LIttle Penguin Quilts said...

What a fun post to read, Cathy! My parents were the same about the tinsel, you could only put one strand on at a time. And Betty Crocker's Cookie Book was a staple in our house - I still have my mom's copy up in my cupboard! Thanks for sharing your family memories and traditions! Have a wonderful holiday!

Quiltdivajulie said...

Tinsel one strand at a time at my growing up house, too. It took FOREVER (which I think was part of a secret plan by my mother). There was cookie baking and present wrapping - we opened gifts on Christmas Day with the three living grandparents who came to our house. Ice skates were a common gift - we lived on a lake - my sister didn't get new skates as often as I did since she could grow into my old ones. But we were SO happy when the lake was frozen hard enough to use those skates in the afternoon. Merry Christmas to you and your family!

MissPat said...

Our tree (real for many years, until my mother bought an ugly stiff artificial one) went up on Christmas Eve and was taken down on New Year's Day. And yes, tinsel had to be put on one strand at a time. Some old German glass ornaments. Strings of lights with what seem like very large bulbs now. An orange in the toe of the stocking. Presents opened Christmas morning. A visit to Santa Claus at the department store in downtown Albany and years later Christmas parties at the Elk's club (lots of good cheer for Mom and Dad). Big turkey dinner on Christmas Day. Thanks for sharing and bringing back some wonderful memories. Merry Christmas to you and yours.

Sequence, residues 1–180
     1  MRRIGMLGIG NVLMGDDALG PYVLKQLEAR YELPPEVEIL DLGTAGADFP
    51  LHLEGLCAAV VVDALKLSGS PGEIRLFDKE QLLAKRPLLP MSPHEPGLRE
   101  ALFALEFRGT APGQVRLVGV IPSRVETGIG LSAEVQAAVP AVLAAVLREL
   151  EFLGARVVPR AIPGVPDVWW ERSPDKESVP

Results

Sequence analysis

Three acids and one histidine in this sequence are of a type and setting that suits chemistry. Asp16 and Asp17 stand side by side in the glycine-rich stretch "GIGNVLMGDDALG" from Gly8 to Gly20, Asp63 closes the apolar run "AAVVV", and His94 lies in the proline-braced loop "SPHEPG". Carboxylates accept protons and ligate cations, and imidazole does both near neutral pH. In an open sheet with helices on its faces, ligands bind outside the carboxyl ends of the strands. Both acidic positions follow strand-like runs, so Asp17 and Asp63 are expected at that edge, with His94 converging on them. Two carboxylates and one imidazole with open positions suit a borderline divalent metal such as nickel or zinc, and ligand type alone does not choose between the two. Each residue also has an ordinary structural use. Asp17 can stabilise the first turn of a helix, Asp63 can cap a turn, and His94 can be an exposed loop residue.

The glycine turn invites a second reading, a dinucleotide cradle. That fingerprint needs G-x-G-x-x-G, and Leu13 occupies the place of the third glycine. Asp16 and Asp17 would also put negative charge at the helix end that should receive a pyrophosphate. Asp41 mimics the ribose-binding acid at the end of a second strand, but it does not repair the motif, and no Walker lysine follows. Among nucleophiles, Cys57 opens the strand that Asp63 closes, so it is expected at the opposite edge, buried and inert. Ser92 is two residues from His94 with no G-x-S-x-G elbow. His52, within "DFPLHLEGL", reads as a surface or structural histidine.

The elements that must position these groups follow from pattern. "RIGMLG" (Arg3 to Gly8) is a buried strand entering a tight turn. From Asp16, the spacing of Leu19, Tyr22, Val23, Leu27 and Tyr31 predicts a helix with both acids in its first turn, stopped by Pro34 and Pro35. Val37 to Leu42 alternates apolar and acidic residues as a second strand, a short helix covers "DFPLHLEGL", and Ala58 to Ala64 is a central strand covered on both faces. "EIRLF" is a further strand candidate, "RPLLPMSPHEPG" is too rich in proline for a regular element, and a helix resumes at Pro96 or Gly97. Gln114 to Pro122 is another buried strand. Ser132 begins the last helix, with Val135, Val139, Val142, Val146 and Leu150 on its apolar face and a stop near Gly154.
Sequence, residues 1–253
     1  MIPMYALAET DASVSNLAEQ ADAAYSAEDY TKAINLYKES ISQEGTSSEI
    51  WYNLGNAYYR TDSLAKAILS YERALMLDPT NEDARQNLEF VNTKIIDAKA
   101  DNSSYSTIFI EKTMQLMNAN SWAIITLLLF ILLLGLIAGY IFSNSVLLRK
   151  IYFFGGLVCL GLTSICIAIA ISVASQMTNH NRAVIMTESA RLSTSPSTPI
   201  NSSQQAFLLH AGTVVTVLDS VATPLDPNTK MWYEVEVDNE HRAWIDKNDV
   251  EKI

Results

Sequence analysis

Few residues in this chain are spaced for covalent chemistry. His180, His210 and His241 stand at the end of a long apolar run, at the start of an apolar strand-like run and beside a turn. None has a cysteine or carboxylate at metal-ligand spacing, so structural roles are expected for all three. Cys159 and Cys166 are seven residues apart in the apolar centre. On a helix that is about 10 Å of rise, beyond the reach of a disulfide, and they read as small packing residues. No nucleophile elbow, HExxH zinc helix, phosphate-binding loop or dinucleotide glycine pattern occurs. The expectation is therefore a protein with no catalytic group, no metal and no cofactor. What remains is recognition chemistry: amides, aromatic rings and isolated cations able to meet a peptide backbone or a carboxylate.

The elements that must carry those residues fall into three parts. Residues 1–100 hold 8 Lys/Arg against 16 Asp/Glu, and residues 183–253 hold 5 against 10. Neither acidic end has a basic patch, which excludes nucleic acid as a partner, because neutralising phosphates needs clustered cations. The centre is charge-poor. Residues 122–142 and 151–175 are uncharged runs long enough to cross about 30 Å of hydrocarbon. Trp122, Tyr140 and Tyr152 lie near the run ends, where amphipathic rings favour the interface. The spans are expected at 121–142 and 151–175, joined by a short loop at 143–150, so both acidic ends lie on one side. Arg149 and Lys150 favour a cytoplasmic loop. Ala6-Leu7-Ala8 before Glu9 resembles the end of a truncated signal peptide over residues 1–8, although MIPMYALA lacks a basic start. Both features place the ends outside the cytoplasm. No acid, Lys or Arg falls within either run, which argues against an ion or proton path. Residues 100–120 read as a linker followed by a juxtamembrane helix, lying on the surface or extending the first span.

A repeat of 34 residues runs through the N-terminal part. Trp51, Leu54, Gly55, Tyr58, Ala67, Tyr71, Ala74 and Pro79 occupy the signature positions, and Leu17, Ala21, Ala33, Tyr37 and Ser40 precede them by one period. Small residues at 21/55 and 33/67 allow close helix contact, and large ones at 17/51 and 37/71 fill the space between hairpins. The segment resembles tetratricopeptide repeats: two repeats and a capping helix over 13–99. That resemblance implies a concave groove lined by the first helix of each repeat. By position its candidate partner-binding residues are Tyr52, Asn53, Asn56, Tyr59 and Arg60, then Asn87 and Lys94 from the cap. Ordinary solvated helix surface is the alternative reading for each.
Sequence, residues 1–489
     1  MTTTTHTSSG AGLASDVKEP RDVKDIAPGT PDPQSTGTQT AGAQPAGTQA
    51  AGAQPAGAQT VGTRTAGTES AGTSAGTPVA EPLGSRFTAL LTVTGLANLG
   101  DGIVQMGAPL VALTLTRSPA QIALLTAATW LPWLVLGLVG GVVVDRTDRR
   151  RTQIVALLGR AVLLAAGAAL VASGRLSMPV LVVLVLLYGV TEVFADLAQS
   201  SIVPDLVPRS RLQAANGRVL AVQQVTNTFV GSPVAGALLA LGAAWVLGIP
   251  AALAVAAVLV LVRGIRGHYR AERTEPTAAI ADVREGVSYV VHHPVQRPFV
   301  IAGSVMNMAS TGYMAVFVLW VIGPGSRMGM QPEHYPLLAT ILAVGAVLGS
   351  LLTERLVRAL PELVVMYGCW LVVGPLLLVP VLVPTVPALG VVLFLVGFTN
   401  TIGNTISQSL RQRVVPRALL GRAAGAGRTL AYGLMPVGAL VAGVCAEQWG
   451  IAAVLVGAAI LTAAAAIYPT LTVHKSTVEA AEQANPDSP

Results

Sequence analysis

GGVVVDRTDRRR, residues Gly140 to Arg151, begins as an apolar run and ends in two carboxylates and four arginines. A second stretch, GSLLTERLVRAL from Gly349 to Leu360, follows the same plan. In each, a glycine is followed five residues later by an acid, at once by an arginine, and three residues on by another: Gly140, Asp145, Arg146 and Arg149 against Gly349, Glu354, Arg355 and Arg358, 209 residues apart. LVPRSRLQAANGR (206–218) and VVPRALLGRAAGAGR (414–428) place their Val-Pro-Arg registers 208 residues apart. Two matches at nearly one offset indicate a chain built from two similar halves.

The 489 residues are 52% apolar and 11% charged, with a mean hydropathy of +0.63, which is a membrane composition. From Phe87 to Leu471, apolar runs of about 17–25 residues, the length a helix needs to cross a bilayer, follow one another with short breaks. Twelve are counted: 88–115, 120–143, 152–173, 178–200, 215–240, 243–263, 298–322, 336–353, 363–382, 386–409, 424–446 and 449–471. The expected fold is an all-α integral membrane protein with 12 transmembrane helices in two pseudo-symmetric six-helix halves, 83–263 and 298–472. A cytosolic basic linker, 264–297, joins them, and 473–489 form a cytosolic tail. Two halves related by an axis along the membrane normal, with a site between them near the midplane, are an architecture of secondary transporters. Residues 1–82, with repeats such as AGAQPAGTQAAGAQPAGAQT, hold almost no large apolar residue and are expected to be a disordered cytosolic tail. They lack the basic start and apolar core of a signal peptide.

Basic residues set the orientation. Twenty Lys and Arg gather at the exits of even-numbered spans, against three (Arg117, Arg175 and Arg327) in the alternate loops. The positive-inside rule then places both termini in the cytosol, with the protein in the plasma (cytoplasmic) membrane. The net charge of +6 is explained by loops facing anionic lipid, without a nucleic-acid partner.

---"Love" said...

What an enjoyable read! It brought many similar memories of my childhood Christmas traditions with my family. I still have my hot pad weaving loom too! We always had a live tree, and also hung the tinsel one strand at a time! What fun times we always had at Christmastime, with friends and family. Thanks for sharing your traditions with us; I thoroughly enjoyed reading all about how your family celebrated Christmas. ---"Love"

Angie said...

Merry Christmas, Cathy! Thanks for sharing so many of your Christmas memories! Some of mine are very similar, but we changed things up a lot when we moved from Wisconsin to Florida when I was 10 years old. Still good traditions, and wonderful family memories!